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LIVING FOR A HIGHER PURPOSE

STORY OF A CITY BOY WHO SURVIVED THE VIET NAM WAR BY LIVING FOR JESUS AND OTHERS

A powerful story of overcoming adversity and finding religion.

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In Vu’s (Lord Jesus, I Want to See…, 2017) biography, a young man flees Communist Vietnam and finds solace in his Christian faith.

Viet grew up in a quiet, middle-class neighborhood, not far from bustling Saigon, which was initially untouched by the disturbances brought to the country by war. But then the bombing campaigns eventually arrived and food rationing became a necessity. Viet’s family, in dire straits, was forced to butcher their beloved dog for food, and to burn paper money for fuel with which to cook. But even after the war concluded, their troubles persisted as the tyrannical Communist regime exacted vengeance upon people who collaborated with the government in the south. When Viet was 5 years old, his father was sent to a labor camp, where he languished under woeful conditions for 12 years. By Viet’s sophomore year in high school, he realized that he would never get full access to educational opportunities, so his parents plotted his escape. Several times, he tried unsuccessfully to flee Vietnam, and once, he ended up in prison. Finally, he was able to find his way out by boat; he survived the threat of pirates and was almost reduced to cannibalism to survive. He was rescued by a South Korean tanker, however, and made his way to Singapore, and then to the United States. There, he was able not only to pursue a college education, but also devote himself to his spiritual life—he eventually became a Catholic priest. Vu’s prose is lucid and unadorned by literary embellishment. Viet’s story is a remarkable one, and it will be impossible for readers not to be gripped by his relentless perseverance. Even more impressively, his spirits rarely seem to sag, no matter what misfortune visits him, and the crux of the tale is not his travails, but the consolations that he finds in his religious faith. Although this is principally a personal remembrance, it also provides a historically fascinating peek into postwar Vietnam; even though the United States was able to eventually extricate itself from the war in 1975, Vietnam’s plight was only just beginning.

A powerful story of overcoming adversity and finding religion.

Pub Date: Sept. 17, 2017

ISBN: 978-1-4575-5816-0

Page Count: 224

Publisher: Dog Ear Publishing

Review Posted Online: March 29, 2018

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NIGHT

The author's youthfulness helps to assure the inevitable comparison with the Anne Frank diary although over and above the...

Elie Wiesel spent his early years in a small Transylvanian town as one of four children. 

He was the only one of the family to survive what Francois Maurois, in his introduction, calls the "human holocaust" of the persecution of the Jews, which began with the restrictions, the singularization of the yellow star, the enclosure within the ghetto, and went on to the mass deportations to the ovens of Auschwitz and Buchenwald. There are unforgettable and horrifying scenes here in this spare and sombre memoir of this experience of the hanging of a child, of his first farewell with his father who leaves him an inheritance of a knife and a spoon, and of his last goodbye at Buchenwald his father's corpse is already cold let alone the long months of survival under unconscionable conditions.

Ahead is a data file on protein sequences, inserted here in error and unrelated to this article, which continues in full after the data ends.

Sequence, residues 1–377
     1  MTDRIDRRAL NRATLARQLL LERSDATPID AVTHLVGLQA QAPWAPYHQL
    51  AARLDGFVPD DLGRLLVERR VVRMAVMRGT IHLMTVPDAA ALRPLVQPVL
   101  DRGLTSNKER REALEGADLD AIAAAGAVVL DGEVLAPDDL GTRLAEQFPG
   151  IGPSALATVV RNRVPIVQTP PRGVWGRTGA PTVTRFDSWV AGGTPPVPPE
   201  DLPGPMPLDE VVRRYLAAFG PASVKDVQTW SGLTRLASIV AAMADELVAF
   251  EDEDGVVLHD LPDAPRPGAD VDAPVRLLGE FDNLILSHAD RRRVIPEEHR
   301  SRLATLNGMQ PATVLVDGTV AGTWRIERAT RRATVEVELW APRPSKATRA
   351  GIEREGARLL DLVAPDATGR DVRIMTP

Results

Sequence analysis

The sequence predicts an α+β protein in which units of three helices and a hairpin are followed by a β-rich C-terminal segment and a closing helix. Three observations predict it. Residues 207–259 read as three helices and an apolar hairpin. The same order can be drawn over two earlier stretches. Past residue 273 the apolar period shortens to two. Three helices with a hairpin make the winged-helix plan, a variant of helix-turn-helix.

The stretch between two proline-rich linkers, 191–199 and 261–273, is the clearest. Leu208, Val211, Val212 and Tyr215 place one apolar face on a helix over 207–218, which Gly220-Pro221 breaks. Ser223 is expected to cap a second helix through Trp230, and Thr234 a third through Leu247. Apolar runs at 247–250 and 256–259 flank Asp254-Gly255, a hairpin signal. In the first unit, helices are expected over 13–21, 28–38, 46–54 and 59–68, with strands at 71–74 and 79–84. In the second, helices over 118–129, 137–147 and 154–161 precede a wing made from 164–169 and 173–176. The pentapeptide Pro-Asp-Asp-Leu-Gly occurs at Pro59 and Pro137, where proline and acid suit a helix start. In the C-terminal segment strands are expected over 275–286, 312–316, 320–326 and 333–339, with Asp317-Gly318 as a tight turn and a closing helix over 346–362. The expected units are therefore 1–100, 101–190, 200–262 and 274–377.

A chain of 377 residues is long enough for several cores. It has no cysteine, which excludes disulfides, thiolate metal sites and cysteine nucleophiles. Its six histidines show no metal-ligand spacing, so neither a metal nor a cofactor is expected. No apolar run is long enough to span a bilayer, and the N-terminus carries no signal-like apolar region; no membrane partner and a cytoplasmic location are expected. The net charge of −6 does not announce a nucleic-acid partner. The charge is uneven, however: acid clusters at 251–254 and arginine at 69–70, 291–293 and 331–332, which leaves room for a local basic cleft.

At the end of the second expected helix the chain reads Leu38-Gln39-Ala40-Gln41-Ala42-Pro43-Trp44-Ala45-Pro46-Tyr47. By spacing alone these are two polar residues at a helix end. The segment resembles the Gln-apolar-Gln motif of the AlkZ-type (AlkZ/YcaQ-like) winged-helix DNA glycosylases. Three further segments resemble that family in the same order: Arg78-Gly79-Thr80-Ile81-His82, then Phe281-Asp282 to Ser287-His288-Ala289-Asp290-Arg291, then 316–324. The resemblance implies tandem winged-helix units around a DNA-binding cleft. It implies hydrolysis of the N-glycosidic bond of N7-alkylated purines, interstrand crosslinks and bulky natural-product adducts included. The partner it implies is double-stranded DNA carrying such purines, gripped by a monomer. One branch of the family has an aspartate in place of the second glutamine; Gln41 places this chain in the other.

The author's youthfulness helps to assure the inevitable comparison with the Anne Frank diary although over and above the sphere of suffering shared, and in this case extended to the death march itself, there is no spiritual or emotional legacy here to offset any reader reluctance.

Pub Date: Jan. 16, 2006

ISBN: 0374500010

Page Count: 120

Publisher: Hill & Wang

Review Posted Online: Oct. 7, 2011

Kirkus Reviews Issue: Jan. 15, 2006

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THE PURSUIT OF HAPPYNESS

FROM MEAN STREETS TO WALL STREET

Well-told and admonitory.

Young-rags-to-mature-riches memoir by broker and motivational speaker Gardner.

Born and raised in the Milwaukee ghetto, the author pulled himself up from considerable disadvantage. He was fatherless, and his adored mother wasn’t always around; once, as a child, he spied her at a family funeral accompanied by a prison guard. When beautiful, evanescent Moms was there, Chris also had to deal with Freddie “I ain’t your goddamn daddy!” Triplett, one of the meanest stepfathers in recent literature. Chris did “the dozens” with the homies, boosted a bit and in the course of youthful adventure was raped. His heroes were Miles Davis, James Brown and Muhammad Ali. Meanwhile, at the behest of Moms, he developed a fondness for reading. He joined the Navy and became a medic (preparing badass Marines for proctology), and a proficient lab technician. Moving up in San Francisco, married and then divorced, he sold medical supplies. He was recruited as a trainee at Dean Witter just around the time he became a homeless single father. All his belongings in a shopping cart, Gardner sometimes slept with his young son at the office (apparently undiscovered by the night cleaning crew). The two also frequently bedded down in a public restroom. After Gardner’s talents were finally appreciated by the firm of Bear Stearns, his American Dream became real. He got the cool duds, hot car and fine ladies so coveted from afar back in the day. He even had a meeting with Nelson Mandela. Through it all, he remained a prideful parent. His own no-daddy blues are gone now.

Well-told and admonitory.

Pub Date: June 1, 2006

ISBN: 0-06-074486-3

Page Count: 320

Publisher: Amistad/HarperCollins

Review Posted Online: May 19, 2010

Kirkus Reviews Issue: March 15, 2006

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